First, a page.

“And now, my beauties,” crowed the Wicked Witch of the West in The Wizard of Oz, “something with poison in it, I think … with poison in it, but attractive to the eye, and soothing to the smell. Poppies … poppies. Poppies will put them to sleep.”
Just like Dorothy’s green-faced foe, the American Museum of Natural History has become besotted with the power of poison. Opening November 16, a comprehensive exhibition explores the roles of poison in nature, human health and history, literature, and myth.
Much of the 150-year-old museum is filled with Teddy Roosevelt-era taxidermy, but the design of Power of Poison is thoroughly modern, featuring touch-screen installations and an “enchanted book” with animated illustrations. Herewith, some highlights of this tour du toxins:
Colombia’s dense Choco lowland forest is recreated in an immersive walk-through installation, right down to live golden poison frogs, any one of which could poison 10 people. An Eastern diamondback rattlesnake skull shows off its syringe-like fangs–150 milligrams of this pit viper’s venom is enough to kill an adult.
Arachnophobes take heed: a live tarantula lurks behind glass, along with a Gila monster and poisonous caterpillars. For comfort, on display are also various amulets once thought to protect against poisons: fossilized shark teeth, believed to be dragon tongues that could “purify” food of deadly compounds; as well as fossilized sea creatures called crinoids, considered antidotes to common toxins.
Double, Double, Toil and Trouble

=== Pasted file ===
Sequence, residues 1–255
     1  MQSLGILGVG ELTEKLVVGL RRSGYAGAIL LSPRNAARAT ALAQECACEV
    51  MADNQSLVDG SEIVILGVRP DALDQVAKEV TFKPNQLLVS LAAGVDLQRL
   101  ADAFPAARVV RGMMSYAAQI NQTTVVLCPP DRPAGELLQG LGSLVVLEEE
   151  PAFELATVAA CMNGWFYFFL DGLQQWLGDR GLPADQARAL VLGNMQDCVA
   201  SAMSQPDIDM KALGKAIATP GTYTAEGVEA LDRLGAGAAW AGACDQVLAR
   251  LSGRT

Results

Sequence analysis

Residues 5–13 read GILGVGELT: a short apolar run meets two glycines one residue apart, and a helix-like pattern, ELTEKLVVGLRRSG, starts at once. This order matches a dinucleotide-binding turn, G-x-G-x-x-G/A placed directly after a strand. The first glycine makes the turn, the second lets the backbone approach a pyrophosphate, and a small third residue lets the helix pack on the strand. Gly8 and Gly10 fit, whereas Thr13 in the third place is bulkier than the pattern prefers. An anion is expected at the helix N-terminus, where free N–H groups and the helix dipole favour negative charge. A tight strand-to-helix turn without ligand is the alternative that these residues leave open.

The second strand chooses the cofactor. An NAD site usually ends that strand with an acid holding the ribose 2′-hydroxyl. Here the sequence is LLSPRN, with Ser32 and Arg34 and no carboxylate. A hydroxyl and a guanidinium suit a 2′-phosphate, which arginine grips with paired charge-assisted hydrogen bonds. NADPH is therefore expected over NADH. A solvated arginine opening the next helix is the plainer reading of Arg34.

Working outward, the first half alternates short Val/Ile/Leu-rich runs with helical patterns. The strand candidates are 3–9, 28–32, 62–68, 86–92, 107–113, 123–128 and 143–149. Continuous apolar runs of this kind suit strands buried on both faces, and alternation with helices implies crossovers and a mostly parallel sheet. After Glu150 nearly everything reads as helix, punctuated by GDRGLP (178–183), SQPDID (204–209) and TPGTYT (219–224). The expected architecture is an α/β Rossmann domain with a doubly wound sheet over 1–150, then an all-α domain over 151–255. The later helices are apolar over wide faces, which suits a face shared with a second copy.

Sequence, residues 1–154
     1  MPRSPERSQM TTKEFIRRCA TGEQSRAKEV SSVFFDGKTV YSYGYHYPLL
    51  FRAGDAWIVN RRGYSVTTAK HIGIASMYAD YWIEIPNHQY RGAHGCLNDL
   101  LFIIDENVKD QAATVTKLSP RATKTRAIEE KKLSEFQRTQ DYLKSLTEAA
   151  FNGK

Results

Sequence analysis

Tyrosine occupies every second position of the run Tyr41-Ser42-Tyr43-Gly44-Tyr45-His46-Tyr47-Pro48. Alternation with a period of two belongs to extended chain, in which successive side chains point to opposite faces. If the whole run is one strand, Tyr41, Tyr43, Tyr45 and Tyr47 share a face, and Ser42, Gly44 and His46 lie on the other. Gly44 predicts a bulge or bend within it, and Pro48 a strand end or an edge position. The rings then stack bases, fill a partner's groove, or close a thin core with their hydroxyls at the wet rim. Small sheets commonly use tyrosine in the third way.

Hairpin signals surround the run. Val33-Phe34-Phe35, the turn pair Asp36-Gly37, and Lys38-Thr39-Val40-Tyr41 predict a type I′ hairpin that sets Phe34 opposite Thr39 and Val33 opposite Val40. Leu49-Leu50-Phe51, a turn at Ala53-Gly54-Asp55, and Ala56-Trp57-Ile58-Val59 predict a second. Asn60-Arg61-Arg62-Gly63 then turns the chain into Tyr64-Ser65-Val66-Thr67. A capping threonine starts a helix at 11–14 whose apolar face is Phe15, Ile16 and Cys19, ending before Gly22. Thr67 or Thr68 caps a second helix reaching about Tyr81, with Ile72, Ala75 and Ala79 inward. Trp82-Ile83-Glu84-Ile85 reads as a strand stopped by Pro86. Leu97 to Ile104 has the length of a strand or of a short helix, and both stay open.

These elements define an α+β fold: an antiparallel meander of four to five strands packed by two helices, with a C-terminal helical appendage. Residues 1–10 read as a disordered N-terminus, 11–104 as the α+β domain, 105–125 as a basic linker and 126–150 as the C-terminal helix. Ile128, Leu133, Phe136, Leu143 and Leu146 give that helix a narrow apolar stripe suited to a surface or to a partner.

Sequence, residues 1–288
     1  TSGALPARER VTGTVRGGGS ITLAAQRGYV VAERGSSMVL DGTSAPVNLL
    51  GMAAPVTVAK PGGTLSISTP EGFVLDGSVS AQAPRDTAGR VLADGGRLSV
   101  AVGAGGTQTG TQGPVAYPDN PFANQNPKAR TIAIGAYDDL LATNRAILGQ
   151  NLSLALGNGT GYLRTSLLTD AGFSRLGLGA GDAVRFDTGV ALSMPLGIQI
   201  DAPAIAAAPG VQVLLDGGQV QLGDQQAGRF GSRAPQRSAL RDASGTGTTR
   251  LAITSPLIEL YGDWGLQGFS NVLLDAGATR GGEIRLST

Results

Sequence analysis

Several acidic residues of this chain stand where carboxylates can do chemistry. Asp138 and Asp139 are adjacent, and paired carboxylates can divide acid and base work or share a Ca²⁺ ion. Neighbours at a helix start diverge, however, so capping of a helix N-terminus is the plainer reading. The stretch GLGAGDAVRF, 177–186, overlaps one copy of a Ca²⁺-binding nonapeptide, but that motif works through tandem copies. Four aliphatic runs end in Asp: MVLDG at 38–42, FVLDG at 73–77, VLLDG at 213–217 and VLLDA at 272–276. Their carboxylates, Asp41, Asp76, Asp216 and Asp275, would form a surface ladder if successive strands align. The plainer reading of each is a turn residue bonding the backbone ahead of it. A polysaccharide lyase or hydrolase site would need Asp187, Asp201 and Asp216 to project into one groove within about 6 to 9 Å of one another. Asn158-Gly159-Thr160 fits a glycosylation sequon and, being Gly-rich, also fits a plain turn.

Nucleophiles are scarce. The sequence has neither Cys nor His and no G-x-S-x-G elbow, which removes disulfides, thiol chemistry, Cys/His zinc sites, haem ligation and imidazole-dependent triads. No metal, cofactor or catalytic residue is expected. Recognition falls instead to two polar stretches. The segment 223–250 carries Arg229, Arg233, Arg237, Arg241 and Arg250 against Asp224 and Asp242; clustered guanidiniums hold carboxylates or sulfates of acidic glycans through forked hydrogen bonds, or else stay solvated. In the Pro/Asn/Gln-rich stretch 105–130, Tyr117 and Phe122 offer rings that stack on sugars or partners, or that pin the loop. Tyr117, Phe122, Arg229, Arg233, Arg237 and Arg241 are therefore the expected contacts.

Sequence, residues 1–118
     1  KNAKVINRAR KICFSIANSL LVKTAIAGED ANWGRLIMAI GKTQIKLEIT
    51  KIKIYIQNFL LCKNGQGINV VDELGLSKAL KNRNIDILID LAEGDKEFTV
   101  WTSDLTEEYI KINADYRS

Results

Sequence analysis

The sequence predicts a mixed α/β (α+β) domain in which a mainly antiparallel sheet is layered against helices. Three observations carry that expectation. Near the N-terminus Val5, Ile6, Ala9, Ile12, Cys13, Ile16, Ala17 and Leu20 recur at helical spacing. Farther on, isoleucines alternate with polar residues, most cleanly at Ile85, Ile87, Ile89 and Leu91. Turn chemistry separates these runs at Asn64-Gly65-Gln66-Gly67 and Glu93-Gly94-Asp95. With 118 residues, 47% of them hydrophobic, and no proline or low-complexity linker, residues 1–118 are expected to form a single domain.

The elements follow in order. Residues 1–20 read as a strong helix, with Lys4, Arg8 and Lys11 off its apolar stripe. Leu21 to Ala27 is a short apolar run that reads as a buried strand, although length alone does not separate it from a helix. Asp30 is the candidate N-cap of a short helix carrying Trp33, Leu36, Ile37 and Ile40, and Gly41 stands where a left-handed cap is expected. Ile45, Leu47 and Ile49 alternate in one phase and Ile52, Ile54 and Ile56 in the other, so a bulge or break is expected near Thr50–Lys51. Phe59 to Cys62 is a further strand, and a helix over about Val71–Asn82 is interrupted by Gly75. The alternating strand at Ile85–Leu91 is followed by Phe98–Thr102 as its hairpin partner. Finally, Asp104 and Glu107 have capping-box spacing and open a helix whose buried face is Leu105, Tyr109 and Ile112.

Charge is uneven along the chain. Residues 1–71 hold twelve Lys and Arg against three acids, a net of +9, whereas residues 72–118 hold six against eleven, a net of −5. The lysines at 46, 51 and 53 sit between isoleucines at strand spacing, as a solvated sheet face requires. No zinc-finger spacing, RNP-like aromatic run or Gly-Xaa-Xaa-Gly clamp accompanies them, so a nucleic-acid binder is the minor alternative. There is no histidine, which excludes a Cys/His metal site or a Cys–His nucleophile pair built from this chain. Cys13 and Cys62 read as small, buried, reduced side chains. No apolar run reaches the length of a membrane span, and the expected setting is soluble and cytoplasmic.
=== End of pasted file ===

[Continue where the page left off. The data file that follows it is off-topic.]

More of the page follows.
Ever wonder what was in that apple that paralyzed Snow White? This exhibition explains the science behind the deadly potions from your favorite myths and fairytales. A life-sized scene of the Mad Hatter’s Tea Party reveals that hatters in the 1800s often really did go mad, due to their constant exposure to mercuric nitrate, which was used to turn fur into felt. Mercury poisoning led to trembling, memory loss, depression, irritability, and anxiety.
Smoke pours from a massive glowing cauldron, presided over by the pointy-hatted Weird Sisters from Shakespeare’s Macbeth. “Eye of newt and toe of frog,/Wool of bat and tongue of dog,” these witches famously sang of their potion. While some ingredients were fictional, many were real poisons, including hemlock, wolfsbane, and “slips of yew,” which refers to the deadly needles of the yew tree.
You know that Botox stuff that keeps millions of aging faces in place? It’s derived from the Botulinum toxin, one of the deadliest known substances, displayed here in a diorama of giant models of the protein. A few millionths of a gram can kill an adult. But when harnessed by scientists, it can help with muscle spasms and prevent wrinkles. It’s just one of many toxic substances that save lives when used the right way. The venom of the Chilean rose tarantula (displayed here live) contains a protein that can regulate heartbeat and has potential for mitigating muscular dystrophy. Hirudin, the first anticlotting drug, came from leeches. Antiplatelet drug Tirofabin derives from the blood-thinning venom of the African saw-scaled viper. And a deceptively beautiful aquarium houses colorful tropical fish that are all secretly toxic.
Victims of Venom
Villains both real and fictional have used poisons as discreet deadly weapons since time immemorial. In the Detecting Poison theater, presenters use props, animations, and audience volunteers to explore of the most infamous cases of poisonings throughout history, exploring advances in toxicology and forensics since the 19th century. There’s still debate among researchers over whether Napoleon Bonaparte died from poisoning by his British captors or from stomach cancer.
The Power of Poison is on view at the American Museum of Natural History until August 10th, 2014.